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March 19, 2008

Don't ask, the policy smells

It appears that the majority of military leaders support Don't Ask, Don't Tell, Don't Persue. The policy has been widely derided as a compromise that delayed full equality for LGBT service members. Without arguing that, it has allowed some members of the LGBT to serve as they wished, even if they couldn't be open about themselves.

What's interesting is not that the majority now supports this policy, it's that a full 22% support repeal and allowing openly LGBT citizens to serve. That's a substantial change from 10 years ago.

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December 28, 2007

Kill Them All

The asassination of Benazir Bhutto neatly points out just how miserably Connecticut native and President George W. Bush has failed in the war on terror. Word has just now crossed Bloomberg that a Taliban leader with links to al Qaida is responsible for the death of Bhutto yesterday.

Now, my question is, why are these people still alive? Because, Bush got focused on invadin' Iraq and got distracted from his real job, killing extremists. Which brings up an important side note, one we'll address later... the US never formally declared war because there is no state we're fighting. It's a collection of individuals. One has to wonder about the Administration's claims invoking the Constitutional war powers of the Presidency. We'll come back to that another time. Now, I just want to know why these people aren't dead.

We've asked that question every time Bin Laden pops up with another of his dumbass videos or tapes. We've asked it when there is news out about how swimmingly everything is going in Afghanistan. Now, we're asking it again.

WHY HAS BUSH NOT KILLED ALL THESE PEOPLE??!?!? The only way you can deal with an extremist is to kill him. So where are the roving teams of assassins? Why are we hellbent on invading countries?

There are two ways to win the hearts and minds of people in Afghanistan and Pakistan. Kill all the troublemakers they can't bring themselves to kill (because of fear or religious beliefs) and dump money into rebuilding the countries.

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November 21, 2007

Anatomy of failure

Q. What happens when you combine:

1) The unrealistic expectations of the National Reconnaissance Office in setting requirements for a new spy satellite system.
2) Competitive bidding
3) No oversight over the winning bidder, in fact, you let them write reports telling you how things are going
4) Congress sets a budget without adequately determining what the new system would realistically cost
5) Few or no people with advanced systems engineering experience?

A. You get the disaster known as the Future Imagery Architecture .

Oh, and there's blame to go around for this one... Democrats and Republicans.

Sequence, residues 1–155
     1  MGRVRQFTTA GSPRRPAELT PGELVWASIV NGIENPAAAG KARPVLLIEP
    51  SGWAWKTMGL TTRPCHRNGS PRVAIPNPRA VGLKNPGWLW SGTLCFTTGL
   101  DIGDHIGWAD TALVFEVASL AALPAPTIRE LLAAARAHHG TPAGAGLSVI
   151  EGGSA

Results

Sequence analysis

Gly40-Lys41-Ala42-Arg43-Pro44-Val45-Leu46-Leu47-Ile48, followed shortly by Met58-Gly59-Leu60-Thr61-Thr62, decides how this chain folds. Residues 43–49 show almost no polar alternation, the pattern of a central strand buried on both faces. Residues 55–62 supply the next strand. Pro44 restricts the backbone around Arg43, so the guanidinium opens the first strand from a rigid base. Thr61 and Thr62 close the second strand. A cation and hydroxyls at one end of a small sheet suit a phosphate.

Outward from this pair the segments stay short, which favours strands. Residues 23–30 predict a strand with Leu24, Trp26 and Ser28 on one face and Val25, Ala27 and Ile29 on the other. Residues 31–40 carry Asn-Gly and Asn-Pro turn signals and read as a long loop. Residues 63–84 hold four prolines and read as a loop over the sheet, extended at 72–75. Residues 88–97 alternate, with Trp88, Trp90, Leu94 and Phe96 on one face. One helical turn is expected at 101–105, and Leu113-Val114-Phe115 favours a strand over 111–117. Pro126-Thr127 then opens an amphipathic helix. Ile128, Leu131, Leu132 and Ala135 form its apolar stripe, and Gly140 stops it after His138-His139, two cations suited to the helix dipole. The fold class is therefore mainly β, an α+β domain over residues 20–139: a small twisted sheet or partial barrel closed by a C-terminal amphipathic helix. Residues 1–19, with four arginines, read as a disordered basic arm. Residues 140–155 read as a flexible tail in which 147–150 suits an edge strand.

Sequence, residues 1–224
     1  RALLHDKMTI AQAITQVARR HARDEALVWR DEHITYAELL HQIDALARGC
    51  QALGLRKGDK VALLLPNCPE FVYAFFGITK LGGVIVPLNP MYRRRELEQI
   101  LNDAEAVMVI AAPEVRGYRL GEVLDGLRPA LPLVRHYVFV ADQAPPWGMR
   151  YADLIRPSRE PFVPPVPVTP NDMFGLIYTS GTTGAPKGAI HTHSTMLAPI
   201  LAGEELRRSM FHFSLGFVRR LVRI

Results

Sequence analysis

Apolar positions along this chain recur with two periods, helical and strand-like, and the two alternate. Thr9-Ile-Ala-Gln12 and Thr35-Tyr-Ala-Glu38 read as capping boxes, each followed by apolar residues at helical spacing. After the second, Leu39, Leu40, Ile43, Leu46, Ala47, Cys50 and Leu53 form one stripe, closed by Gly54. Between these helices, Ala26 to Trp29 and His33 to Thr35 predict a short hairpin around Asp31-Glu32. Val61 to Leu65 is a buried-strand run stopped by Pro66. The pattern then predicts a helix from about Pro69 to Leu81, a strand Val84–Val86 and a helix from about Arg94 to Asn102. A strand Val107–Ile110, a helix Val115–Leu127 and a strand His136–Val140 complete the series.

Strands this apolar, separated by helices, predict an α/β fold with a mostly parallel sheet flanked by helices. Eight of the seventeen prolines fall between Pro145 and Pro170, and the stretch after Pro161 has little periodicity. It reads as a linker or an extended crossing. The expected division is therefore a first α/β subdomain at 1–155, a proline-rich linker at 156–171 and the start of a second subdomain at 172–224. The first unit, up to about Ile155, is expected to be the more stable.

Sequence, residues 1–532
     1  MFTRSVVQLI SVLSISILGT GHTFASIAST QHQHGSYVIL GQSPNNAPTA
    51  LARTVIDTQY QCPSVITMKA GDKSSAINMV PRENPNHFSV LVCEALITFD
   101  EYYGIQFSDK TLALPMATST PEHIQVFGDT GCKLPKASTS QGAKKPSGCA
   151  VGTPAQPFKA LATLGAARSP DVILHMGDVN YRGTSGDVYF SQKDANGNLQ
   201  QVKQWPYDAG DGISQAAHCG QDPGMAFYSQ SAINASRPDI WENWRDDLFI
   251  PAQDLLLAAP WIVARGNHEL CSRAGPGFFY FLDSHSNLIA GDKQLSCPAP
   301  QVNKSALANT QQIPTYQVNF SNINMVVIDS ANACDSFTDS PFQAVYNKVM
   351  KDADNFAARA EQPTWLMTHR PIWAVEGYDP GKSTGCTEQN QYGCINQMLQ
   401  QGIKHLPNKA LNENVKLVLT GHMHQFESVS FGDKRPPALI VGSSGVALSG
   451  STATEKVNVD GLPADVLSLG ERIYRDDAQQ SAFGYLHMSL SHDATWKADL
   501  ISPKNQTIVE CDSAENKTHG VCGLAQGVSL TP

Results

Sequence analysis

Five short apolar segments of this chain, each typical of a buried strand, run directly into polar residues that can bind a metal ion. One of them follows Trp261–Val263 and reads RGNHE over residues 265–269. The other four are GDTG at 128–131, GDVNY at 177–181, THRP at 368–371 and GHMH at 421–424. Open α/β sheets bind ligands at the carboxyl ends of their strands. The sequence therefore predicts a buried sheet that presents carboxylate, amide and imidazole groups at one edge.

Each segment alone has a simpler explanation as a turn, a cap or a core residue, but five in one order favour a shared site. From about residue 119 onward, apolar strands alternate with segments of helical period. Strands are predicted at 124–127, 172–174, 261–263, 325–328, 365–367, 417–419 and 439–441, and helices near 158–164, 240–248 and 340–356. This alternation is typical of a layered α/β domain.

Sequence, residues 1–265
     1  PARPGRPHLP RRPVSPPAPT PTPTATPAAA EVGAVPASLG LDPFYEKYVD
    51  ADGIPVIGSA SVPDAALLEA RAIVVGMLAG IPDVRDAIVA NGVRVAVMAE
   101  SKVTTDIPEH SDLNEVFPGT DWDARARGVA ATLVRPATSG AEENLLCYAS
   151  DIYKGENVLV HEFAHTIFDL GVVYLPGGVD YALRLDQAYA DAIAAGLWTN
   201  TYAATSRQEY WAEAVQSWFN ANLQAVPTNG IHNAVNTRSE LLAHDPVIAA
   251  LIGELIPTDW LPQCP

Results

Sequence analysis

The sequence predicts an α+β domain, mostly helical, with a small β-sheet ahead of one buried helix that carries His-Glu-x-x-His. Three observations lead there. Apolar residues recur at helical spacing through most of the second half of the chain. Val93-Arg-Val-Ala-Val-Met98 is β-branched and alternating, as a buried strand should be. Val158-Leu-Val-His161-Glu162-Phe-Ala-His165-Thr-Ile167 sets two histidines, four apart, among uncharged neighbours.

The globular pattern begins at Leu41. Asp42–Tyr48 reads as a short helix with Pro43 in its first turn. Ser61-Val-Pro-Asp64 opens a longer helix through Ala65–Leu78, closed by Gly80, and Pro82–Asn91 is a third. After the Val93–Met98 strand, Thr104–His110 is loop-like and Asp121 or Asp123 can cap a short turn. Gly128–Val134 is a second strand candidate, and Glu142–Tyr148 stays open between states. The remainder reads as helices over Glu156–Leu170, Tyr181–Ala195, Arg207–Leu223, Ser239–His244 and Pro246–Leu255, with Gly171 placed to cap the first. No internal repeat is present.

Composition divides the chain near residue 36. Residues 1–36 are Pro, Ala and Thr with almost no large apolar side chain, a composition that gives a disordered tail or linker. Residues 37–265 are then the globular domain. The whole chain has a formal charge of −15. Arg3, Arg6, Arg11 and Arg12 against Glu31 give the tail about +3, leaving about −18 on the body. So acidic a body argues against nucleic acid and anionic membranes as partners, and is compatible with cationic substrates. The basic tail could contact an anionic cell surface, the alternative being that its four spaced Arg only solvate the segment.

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November 13, 2007

Dregs : Some things you missed

  • Bush refused to allow a Marine Corps lawyer to testify on waterboarding.
  • Speaking of waterboarding, the Senate voted to confirm 'Let's-Take-A-Bath' Mukasey as our new Attorney General! Frank Rich wrote a brill piece on why this was not such a good idea for our esteemed sellouts, Senators Schumer and Feinstein. Just as a reminder, give money to Senate candidates. Don't bother giving to the DSCC because Schumer will waste it on losers. Like himself and Feinstein.
  • Ahead of still more protests in Pakistan, Benazir Bhutto is once again under arrest. By order of our good friend and ally in the war on terror, General Musharraf (the same one Frank Rich also said some things about in the piece I linked above),
  • The really big winner from last Tuesday's election? No, it's not our good friends at Zachry Construction, it's none other than T. Boone Picken's who created his own water district so he could use tax payer subsidized funding to transfer water from the depleted panhandle wells to Dallas/Fort Worth. You're the suck, Boone.No, really, you are. I know suck and you, my friend, are defintely the SUCK.
  • ELLN has a good post up about the IEA's conversion to environmental concerns, not to mention their questions about the feasibility of making the investments necessary to continue running the world off fossil fuels. Their estimate? It'll cost $22 trillion, or far more than it'll cost to convert the planet to biofuels.
  • Texas Monthly calls for the impeachment of Sharon Keller
  • Oh, there's more...

  • Dungeon Diary has a post up about a whistleblower at AT&T who's coming clean about the Administration's illegal wiretapping.
  • Jenny Hoff over at KXAN is doing an interesting series on her trip to Afghanistan
  • Once again, Texas ranks #1 in the nation for the most expensive home owner's insurance. And that's after all the tort reform 'savings'. You can thank the Republicans for that. I suggest you do it when you go to vote next year.
  • Congrats to the D's in Congress who voted for the Tax Relief Act... to those who voted along with the Republicans, we're hating on y'all.
  • Have a goodun!